The tree was already huge when we bought the house many years ago, a handsome catalpa that stood beside the back door with an eye bolt sticking out where previous owners might have hooked one end of a hammock.
Two enormous limbs reached high above our house and the neighbor’s house, and its broad leaves provided blessed shade. As the seasons passed, the eye bolt disappeared into the trunk and then bark started falling off.
“But it leaves out beautifully,” I said to the forester who came to look.
“Its vascular system is healthy,” he said, “but structurally, it’s failing.” He pointed out where lightning had struck one of the main branches long ago. “There’s rot inside, and that big canopy is very heavy.”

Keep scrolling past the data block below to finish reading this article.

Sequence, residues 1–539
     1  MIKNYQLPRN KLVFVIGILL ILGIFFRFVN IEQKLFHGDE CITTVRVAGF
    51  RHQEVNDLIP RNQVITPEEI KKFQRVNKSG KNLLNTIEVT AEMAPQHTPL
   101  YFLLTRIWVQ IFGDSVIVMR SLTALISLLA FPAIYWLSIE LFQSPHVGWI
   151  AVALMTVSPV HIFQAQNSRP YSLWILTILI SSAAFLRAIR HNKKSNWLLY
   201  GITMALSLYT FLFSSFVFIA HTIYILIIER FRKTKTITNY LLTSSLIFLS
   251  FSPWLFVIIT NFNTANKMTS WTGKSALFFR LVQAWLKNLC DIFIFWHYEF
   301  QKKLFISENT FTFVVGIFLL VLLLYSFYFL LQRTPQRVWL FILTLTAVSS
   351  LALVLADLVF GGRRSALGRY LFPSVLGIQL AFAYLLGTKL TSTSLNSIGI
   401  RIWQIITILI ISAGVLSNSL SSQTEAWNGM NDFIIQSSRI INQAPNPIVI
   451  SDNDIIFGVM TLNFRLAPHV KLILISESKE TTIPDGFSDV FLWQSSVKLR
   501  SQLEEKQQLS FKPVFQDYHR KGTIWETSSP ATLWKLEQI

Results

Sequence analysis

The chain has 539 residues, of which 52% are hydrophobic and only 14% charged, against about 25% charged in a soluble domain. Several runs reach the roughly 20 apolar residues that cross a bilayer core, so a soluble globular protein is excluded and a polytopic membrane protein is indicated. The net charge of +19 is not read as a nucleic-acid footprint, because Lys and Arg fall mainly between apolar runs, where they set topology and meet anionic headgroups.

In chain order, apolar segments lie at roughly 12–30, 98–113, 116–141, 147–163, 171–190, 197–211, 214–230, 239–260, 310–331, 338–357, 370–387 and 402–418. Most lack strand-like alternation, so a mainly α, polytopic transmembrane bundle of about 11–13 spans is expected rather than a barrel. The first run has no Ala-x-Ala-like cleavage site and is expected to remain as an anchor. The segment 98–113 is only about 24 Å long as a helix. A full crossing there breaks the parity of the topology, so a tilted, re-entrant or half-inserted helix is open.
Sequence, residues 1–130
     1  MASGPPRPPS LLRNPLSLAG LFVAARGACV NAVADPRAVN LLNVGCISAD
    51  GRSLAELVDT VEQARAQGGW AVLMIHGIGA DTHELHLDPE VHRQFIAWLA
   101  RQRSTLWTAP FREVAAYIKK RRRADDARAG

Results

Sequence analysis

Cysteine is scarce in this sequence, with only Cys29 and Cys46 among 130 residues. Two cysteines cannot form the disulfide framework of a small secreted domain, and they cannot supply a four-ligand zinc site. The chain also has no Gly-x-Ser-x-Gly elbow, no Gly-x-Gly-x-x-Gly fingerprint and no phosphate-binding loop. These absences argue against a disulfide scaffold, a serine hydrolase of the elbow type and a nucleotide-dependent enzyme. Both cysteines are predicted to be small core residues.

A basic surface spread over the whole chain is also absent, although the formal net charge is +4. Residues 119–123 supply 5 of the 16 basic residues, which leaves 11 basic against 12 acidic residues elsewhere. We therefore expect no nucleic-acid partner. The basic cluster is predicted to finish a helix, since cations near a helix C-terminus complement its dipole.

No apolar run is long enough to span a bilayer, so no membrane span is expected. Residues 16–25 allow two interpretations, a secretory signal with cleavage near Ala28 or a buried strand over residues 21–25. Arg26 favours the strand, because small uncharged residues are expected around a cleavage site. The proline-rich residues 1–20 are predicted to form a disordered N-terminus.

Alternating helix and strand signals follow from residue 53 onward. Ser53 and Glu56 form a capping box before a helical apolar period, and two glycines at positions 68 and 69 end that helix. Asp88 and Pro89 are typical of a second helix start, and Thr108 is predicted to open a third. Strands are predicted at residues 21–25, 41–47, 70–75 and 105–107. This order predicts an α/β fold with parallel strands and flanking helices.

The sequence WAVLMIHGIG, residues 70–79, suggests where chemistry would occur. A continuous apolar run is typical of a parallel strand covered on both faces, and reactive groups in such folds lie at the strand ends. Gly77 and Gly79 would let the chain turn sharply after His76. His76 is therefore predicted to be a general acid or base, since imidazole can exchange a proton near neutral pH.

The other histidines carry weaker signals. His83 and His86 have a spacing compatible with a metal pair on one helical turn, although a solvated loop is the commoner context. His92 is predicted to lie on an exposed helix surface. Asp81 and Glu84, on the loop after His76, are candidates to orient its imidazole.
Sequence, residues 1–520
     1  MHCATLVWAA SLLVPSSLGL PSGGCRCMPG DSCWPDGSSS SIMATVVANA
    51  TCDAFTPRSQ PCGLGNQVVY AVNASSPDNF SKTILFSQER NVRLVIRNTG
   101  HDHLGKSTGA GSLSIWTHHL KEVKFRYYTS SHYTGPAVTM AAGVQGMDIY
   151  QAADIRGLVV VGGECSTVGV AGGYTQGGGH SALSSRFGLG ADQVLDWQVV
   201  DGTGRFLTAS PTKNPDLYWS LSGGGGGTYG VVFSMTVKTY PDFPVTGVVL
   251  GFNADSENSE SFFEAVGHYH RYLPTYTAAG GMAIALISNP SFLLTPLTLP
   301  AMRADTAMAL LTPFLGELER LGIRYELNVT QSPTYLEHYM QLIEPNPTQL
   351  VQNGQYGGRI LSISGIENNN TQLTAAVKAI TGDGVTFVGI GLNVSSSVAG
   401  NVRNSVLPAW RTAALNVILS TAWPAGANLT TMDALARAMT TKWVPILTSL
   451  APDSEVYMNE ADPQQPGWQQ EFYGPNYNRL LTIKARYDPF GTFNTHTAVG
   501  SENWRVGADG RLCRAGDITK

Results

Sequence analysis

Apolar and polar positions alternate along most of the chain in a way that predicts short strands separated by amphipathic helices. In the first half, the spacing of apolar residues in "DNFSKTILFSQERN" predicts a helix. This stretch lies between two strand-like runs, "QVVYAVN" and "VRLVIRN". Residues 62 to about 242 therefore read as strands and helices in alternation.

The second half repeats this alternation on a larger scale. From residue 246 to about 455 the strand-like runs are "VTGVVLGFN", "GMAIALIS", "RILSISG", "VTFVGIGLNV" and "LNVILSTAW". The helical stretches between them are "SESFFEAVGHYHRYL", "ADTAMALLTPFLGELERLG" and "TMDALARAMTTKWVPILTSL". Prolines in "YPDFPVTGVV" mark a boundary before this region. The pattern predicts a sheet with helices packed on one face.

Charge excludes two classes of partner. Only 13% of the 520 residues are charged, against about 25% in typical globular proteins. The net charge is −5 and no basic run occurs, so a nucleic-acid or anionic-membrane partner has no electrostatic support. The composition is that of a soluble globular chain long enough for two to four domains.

Hearing this verdict, I couldn’t speak. “If the tree was standing in a field,” he said, “we could let it live out its normal life.” Now our neighbor’s house was at risk, our house too. But oh, this living tree that had hurt no one, that was my friend.
A crew came to take it down at the end of May. The chain saws screamed all day and finally the enormous trunk lay on its side, ten feet around, a hundred rings. Our back yard was a tangle of branches and every one held tiny green leaves.
I left the house to escape the noise and ran into a friend. She asked how I was doing. “Not so well,” I said. “We had to take our catalpa tree down today.”
“And you loved it,” she said. I stood there crying.